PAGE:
In 2009 the Portuguese Government approved a special tax scheme for non-habitual residents, aiming to attract international talent in high value added activities and wealthy individual and their families to the country. With recent improvements to this regime, it has now been rated one of the most attractive in Europe.

Under this system non habitual residents will be exempt from tax on: (i) salaries; (ii) pensions; (iii) business and professional income relating to high value added services of a scientific, artistic or technical nature; (iv) income from intellectual or industrial property or from industrial, commercial or scientific information; (v) rental income; (vi) investment income and (vii) capital gains, provided that such income has a non Portuguese source and could have been taxed[1] under an existing Double Tax Treaty or, if no such treaty with the concerned jurisdiction exists, under the rules of the OECD Model Tax Convention (black listed jurisdictions excluded).

But if the income has its source in Portugal, non-habitual residents are then entitled to a flat rate of 20% on employment, self-employment and business and professional income, relating to high value added services as mentioned above.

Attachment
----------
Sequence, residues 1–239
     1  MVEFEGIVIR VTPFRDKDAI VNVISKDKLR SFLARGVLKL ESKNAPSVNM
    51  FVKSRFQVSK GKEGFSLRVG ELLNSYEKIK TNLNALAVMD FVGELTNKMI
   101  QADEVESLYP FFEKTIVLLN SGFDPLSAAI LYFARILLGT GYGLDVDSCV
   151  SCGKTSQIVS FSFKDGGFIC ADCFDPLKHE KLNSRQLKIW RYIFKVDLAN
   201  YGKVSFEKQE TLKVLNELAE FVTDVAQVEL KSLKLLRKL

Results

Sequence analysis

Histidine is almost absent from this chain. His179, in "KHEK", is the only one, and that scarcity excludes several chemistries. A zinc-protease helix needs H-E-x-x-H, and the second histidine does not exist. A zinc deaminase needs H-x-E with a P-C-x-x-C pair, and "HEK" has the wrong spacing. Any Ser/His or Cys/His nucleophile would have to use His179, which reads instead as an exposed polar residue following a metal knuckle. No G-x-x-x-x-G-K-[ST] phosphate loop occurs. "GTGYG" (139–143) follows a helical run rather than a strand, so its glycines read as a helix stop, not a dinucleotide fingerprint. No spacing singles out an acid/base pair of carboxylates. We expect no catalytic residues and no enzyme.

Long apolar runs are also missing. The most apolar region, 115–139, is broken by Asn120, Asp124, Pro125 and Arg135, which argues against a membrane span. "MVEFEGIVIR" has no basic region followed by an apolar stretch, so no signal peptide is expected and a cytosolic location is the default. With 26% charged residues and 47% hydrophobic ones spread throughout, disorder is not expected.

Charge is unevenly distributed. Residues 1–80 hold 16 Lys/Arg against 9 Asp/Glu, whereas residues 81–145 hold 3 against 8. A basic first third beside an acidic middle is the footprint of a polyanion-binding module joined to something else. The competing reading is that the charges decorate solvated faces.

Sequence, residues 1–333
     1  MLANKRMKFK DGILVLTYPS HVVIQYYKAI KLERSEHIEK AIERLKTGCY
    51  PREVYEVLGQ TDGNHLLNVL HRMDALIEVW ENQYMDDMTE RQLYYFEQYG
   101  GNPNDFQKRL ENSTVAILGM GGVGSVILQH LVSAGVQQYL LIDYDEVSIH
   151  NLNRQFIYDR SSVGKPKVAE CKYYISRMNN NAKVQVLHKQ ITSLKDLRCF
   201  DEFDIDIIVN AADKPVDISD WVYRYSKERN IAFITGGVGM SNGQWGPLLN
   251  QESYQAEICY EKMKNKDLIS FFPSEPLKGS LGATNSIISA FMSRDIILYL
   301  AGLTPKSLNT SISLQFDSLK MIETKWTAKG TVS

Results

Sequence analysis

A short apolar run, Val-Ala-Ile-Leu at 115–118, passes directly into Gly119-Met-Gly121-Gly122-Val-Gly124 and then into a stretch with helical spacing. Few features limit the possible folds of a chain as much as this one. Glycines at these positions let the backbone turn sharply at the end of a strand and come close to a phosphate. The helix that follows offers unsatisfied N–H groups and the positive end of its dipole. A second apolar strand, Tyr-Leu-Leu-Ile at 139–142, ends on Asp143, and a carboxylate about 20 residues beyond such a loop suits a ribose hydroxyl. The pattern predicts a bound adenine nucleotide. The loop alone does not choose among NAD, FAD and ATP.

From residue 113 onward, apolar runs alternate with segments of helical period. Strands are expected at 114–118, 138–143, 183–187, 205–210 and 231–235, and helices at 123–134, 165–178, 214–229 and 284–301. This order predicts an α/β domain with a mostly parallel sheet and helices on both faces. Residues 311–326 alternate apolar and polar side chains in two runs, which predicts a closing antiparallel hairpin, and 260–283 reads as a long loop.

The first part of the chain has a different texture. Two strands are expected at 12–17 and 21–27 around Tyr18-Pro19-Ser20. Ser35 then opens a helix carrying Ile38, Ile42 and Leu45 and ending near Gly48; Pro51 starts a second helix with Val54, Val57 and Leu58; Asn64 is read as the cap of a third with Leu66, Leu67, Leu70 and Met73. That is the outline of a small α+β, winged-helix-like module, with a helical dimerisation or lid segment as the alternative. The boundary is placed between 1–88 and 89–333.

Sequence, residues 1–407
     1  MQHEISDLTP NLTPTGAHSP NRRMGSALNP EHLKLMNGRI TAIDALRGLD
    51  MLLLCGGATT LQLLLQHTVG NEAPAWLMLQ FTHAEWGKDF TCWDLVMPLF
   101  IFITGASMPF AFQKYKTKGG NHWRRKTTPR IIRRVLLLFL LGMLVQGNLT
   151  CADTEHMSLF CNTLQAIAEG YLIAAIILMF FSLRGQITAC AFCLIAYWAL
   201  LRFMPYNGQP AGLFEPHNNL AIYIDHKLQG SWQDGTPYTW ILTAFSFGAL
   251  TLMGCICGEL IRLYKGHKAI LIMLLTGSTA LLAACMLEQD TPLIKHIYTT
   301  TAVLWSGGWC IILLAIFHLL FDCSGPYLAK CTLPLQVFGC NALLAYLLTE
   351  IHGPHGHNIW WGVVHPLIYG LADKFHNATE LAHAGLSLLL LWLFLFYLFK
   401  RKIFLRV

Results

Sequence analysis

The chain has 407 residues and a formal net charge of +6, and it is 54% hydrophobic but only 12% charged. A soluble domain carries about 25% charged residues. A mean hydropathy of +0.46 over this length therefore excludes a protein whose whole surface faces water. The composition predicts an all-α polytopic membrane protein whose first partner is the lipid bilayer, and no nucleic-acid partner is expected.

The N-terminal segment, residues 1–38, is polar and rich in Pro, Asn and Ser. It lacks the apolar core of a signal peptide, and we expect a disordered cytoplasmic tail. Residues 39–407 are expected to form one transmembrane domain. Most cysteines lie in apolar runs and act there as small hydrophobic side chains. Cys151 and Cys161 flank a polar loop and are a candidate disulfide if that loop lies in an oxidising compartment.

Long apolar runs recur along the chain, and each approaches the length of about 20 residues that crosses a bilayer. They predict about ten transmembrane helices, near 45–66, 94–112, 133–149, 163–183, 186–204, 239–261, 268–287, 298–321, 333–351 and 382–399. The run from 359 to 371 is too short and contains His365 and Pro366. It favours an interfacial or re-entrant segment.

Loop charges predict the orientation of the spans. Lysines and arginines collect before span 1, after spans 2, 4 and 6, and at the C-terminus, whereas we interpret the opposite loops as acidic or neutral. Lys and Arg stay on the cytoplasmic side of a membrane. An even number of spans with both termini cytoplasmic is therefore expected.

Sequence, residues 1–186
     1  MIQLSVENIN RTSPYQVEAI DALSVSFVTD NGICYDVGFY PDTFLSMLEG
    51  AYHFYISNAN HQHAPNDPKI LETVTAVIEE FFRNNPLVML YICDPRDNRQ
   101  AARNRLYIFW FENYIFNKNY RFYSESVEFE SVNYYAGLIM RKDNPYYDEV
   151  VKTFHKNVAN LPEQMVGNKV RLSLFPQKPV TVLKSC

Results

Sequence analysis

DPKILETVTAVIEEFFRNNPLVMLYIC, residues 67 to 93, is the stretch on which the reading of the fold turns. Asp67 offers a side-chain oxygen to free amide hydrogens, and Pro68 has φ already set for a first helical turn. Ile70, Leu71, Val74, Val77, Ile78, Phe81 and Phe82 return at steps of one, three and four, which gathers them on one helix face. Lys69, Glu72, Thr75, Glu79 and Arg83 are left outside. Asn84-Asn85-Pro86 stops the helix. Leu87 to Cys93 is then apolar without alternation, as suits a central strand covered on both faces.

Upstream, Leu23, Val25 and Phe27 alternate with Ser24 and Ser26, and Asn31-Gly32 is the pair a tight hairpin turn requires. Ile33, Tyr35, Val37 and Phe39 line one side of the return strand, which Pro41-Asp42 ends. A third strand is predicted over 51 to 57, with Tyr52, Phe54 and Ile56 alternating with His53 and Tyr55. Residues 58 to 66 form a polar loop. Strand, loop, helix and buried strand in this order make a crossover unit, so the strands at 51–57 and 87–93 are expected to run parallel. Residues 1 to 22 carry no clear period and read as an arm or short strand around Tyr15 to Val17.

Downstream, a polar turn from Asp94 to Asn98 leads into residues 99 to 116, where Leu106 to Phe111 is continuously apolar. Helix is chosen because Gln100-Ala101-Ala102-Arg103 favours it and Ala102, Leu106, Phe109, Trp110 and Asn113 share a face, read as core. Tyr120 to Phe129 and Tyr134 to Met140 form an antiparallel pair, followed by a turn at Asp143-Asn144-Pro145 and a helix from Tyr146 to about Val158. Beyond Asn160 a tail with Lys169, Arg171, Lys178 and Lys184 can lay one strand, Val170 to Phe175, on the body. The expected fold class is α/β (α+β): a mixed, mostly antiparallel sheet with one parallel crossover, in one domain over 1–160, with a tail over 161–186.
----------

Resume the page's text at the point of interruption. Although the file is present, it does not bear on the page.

To qualify for non-habitual resident status individuals shall: (i) have remained in the country for a continuous or intermittent period of more than 183 days in the relevant fiscal year, or if they have spent less time shall have a dwelling in Portugal at 31 December of such year, which they intend to use as their habitual residence; (ii) have not been taxed as a resident in Portugal in the five years prior to that qualification; (iii) apply for the non-habitual resident condition when obtaining a tax identification number or until 31 March following to the relevant fiscal year.

The status is granted for a renewable period of 10 consecutive years. If during this term qualified individuals cease to use the scheme for some time, they do not lose the right to use it in the remaining period.

At its origin the non-habitual residents tax regime was designed mainly as an incentive to R&D activities and new technologies and to the return of highly qualified Portuguese nationals domiciled abroad, but because the Portuguese general tax system offers other interesting tax planning opportunities (no inheritance and gift tax[2] and no wealth tax) it is becoming increasingly popular among high net worth and wealthy individuals and families alike in and outside Europe.


António Alfaia de Carvalho


[1] No effective taxation is required but just the possibility of being taxed.

[2] Inheritances or donations to consorts, descendants or ascendants are tax exempt, to other individuals may be subject to a 10% stamp rate.